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Note:This may look like a homework type question but this is just a doubt of mine in how much current flows from and Ideal wire. Let's take the circuit given below. Let's say current i flows in the circuit. Let's say the current divides into two parts $i_1$ and $i_2$. By symmetry we can say that same currents flows in both 5Ω resistors and in 2Ω. So in the junction of 2Ω and 5Ω in the top Resistors we can say that a current $i_2$-$i_1$ goes into the ideal wire. While if u do the same in the lower resistors a current $i_1$- $i_2$. Is flowing now as potential difference across, an ideal wire is zero we cannot take any of them to be wrong. Could someone explain this to me and exactly what happens to the current, I thought that entire current flows through an ideal wire and none throw a resistor. Can someone explain how much current an why does it flow through the ideal wire. And what entire path the current takes?enter image description hereenter image description here

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    $\begingroup$ "By symmetry we can say that same currents flows in both 5Ω resistors and in 2Ω" Can you explain what symmetry you are using? I think this is where you are getting hung up. $\endgroup$
    – Cort Ammon
    Jul 26 '20 at 4:50
  • $\begingroup$ @CortAmmon as Potential of C=D. We can consider them as a single point. That means 20ohm and 50hm are in parallel, and 5ohm and 20hm are in parallel, these two parallel combinations are in series. So the current that flows through 5ohm will also flow through the other 5ohm. I can solve the circuit, but I just wanted to understand why is that so, and what path the current takes, and what happens inside the ideal wire $\endgroup$ Jul 26 '20 at 4:59
  • $\begingroup$ Ahh, I was not looking at that wire when you described it. So by "same currents flows in both 5Ω resistors and in 2Ω[sic]" you mean that each of the 5ohm resistors has the same current and each of the 20ohm resistors has the same current (but the current through a 5ohm and a 20ohm resistor are different)? $\endgroup$
    – Cort Ammon
    Jul 26 '20 at 5:02
  • $\begingroup$ @CortAmmon Yes precisely $\endgroup$ Jul 26 '20 at 5:27
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I thought that entire current flows through an ideal wire and none throw a resistor

This is not quite accurate. It would be accurate if that ideal wire was connected directly from one side of the resistor to the other, shorting out the resistor. However, in this situation there is still a 20Ω resistor between D and B which must be accounted for.

More accurately, an ideal wire does nothing but connect components. There is never a voltage drop across an ideal wire, although current can flow through it. In this case, the amount of current flowing through it is exactly enough to balance out the current flowing through each resistor.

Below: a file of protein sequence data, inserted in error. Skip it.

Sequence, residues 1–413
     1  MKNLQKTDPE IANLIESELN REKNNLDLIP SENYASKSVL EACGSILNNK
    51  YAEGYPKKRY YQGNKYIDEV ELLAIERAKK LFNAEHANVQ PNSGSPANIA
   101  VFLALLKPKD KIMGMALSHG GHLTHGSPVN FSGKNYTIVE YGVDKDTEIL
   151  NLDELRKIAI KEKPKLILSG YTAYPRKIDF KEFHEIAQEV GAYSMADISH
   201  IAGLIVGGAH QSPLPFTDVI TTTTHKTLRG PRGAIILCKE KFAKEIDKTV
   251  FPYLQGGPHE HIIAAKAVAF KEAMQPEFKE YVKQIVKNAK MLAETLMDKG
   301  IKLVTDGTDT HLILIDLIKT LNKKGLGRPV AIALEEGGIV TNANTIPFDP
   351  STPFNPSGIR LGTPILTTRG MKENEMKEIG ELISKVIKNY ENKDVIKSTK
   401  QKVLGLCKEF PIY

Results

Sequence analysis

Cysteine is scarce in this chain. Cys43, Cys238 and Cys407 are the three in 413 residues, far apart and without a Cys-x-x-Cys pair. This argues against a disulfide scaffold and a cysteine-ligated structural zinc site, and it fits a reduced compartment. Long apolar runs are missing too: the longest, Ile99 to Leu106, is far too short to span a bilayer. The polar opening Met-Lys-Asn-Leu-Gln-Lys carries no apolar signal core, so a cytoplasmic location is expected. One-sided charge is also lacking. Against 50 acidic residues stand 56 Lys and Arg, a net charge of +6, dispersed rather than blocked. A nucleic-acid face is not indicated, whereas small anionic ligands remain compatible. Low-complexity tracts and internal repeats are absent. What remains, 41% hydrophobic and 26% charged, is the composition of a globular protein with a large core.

We can simplify this circuit to see what the behavior is. The 20Ω resistor between A and C and the 5Ω resistor between A and D are in parallel, so their combined resistance is 4Ω. The 20Ω resistor between D and B and the 5Ω resistor between C and B are also in parallel, and combine to 4Ω. These two 4Ω equivalent resistances are in series, so the resistance of the whole is 8Ω.

With this we can find current. You didn't specify a voltage, so I'll assume the voltage from A to B is 1V, because that makes the numbers simple. Feel free to scale this to whatever voltage you need. 1V across 8Ω is 125mA, so 125mA is the total current going from A to B. Now as you noticed, there's a symmetry in is problem, so we know that the C-D supernode is at 0.5V, half of the voltage across A to B.

This means your 5Ω resistors, which have 0.5V across them, have 100mA across them. The 20Ω resistors have 25mA across them. And thus, C-D must shift 75mA from D to C, so that 25mA goes through the 20Ω resistor between D and B, and 100mA goes through the 5Ω resistor between C and B.

Now we can't really talk about which current goes where in an ideal wire. Ideal wires are too ideal for that concept. The current simply goes where it is needed. However, if we think about slightly more real wires, we can get a little intuition about where the current goes. We can say that 100mA goes from A to D through the 5Ω resistor, 25mA of which continues on to the 20Ω resistor between D and B, and 75mA of which is shunted upwards towards C. That 75mA combines with the 25mA that went through the 20Ω between A and C, combining to 100mA, which is exactly what needs to go through the 5Ω resistor between C and B.

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  • $\begingroup$ This helps a lot $\endgroup$ Jul 26 '20 at 7:04
  • $\begingroup$ Ill still keep on the lookout for more answers $\endgroup$ Jul 26 '20 at 7:04

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